By Stephen Wood
“With the number of self-employed people expected to overtake public sector workers, Labour will act to address real issues they are facing.”
There has been a sizable increase in so-called “bogus self-employment” where jobs that at one time would have afforded strong employment rights have been scrapped, by unscrupulous bosses and Governments, with only a limited fightback from the labour movement.
So from hairdressers who have to rent space in salons, Uber drivers, even contractors on a building site, they can all find themselves having to do their own tax, pay their own national insurance and have no guarantee of sick or holiday pay. Some recent court cases have exposed the falsity of this and Labour has timidly taken up the issue, arguing that there are half a million people who find themselves in this situation.
From 2001 to 2016 there was an increase of 1.5 million in self-employed workers. Given how many of these are not really self-employed then a clear strategy for the labour movement should be fighting for their rights as workers. Phillip Hammond’s proposed rise in NI was then a potential attack on workers and the Government climbdown is good but Labour’s overall response on this is less clear.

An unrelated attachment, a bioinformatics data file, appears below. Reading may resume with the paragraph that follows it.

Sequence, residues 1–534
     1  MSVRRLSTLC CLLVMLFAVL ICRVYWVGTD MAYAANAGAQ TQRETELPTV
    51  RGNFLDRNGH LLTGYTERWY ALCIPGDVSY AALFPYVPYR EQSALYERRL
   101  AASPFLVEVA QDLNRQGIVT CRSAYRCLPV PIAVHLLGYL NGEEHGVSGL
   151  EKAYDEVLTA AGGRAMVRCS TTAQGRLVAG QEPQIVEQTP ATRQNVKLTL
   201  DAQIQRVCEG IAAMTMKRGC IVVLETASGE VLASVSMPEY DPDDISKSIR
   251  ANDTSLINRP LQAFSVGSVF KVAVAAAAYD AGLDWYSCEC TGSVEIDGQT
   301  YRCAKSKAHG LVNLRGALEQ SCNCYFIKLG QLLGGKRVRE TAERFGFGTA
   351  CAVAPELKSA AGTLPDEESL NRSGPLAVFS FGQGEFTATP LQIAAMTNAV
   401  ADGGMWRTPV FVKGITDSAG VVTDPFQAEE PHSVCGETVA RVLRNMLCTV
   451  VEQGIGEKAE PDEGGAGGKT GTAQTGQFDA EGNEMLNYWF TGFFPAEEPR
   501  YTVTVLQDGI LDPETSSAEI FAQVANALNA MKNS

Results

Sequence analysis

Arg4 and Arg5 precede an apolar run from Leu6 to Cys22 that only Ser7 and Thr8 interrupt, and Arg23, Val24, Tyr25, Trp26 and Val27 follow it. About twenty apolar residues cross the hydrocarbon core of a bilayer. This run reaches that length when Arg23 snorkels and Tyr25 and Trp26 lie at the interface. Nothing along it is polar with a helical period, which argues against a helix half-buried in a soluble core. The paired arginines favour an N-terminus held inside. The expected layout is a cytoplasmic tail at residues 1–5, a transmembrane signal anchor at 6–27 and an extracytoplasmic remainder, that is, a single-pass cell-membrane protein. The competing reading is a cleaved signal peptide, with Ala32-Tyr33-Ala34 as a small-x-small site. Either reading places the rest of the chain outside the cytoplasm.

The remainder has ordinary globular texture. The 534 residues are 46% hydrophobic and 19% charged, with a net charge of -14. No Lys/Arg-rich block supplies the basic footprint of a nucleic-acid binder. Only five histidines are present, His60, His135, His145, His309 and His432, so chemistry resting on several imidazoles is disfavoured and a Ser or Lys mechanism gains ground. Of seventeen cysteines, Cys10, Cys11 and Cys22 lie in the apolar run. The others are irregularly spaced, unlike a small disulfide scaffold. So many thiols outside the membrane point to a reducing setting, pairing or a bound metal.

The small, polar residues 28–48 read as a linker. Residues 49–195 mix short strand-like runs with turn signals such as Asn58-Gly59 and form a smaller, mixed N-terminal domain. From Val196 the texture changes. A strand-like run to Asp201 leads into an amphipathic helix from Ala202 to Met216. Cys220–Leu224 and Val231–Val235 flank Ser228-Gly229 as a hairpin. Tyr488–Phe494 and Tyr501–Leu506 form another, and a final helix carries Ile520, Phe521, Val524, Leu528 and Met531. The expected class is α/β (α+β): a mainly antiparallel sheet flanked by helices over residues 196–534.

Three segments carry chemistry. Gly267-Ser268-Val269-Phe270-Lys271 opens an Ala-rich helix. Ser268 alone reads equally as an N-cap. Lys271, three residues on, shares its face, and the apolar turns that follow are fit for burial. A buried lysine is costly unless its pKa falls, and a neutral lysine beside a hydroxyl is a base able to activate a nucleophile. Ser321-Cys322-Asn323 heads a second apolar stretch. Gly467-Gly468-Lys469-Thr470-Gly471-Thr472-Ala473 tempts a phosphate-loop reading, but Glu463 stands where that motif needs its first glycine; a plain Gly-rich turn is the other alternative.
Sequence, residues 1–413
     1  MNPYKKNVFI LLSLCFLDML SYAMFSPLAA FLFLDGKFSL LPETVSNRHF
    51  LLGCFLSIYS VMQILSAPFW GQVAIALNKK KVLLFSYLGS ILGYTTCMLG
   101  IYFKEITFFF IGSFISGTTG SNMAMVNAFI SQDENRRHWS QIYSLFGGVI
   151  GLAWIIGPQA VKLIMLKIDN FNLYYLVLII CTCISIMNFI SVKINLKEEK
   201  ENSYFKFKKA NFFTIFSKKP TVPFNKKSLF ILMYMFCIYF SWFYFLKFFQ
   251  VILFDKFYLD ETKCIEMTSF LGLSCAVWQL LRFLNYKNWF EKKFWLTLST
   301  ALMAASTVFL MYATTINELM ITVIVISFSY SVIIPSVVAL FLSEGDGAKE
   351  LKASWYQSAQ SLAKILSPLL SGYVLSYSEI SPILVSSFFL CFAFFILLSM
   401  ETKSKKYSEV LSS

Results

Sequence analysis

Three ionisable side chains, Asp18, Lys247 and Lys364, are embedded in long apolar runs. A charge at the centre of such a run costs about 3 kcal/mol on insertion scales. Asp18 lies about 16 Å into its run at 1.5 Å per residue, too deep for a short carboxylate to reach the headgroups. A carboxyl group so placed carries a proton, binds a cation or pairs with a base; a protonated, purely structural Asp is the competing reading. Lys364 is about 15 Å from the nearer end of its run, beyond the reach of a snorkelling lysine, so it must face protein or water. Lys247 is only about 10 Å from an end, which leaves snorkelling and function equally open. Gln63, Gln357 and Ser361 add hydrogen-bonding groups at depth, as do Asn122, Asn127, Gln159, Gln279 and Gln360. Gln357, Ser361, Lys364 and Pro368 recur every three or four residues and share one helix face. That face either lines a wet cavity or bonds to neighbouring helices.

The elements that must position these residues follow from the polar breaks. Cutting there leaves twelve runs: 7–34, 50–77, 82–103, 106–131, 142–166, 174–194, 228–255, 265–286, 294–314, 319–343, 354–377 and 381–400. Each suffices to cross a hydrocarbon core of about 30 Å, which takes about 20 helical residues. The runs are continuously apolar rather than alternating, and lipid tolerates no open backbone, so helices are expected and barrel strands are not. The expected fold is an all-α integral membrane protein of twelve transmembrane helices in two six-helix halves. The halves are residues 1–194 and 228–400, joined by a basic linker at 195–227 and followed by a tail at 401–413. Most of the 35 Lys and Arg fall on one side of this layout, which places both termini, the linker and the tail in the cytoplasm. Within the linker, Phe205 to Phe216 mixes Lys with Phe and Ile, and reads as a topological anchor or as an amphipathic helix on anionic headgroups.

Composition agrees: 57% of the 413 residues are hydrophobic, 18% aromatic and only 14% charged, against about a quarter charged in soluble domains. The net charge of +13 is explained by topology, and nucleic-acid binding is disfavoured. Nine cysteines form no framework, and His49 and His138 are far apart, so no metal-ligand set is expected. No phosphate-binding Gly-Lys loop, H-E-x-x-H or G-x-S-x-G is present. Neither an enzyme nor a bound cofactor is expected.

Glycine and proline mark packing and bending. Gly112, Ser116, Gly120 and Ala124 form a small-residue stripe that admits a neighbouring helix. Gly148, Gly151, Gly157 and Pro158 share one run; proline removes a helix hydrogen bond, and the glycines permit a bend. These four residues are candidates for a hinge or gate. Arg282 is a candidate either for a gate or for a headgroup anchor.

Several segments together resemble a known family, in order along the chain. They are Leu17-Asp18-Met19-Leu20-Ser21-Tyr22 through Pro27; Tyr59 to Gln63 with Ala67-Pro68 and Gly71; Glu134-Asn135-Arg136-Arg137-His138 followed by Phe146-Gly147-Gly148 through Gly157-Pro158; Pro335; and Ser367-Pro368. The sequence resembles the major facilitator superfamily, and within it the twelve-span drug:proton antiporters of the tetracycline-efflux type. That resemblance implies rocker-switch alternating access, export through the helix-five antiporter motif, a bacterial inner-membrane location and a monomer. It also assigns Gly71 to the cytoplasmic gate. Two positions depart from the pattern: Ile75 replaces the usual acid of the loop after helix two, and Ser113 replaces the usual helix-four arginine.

A new video accompanying details of a Labour “roundtable” on self-employment states that they will “bring together business organisations, trade unions and self-employed groups to lay out a serious and realistic strategy to provide a fair deal for the self-employed at a time of major labour market changes…
“We are proud to be the party of working people, small businesses, and the self-employed.”
Labour should fight bogus self-employment, but that does not mean becoming a party of small business and the self-employed. Labour should stand up and fight for working-class interests and working-class representation. Will that mean that some self employed or even small businesses back Labour and radical socialist and pro-worker polices?
They may well do, but that is a different matter from Labour orienting itself as a middle-class party.
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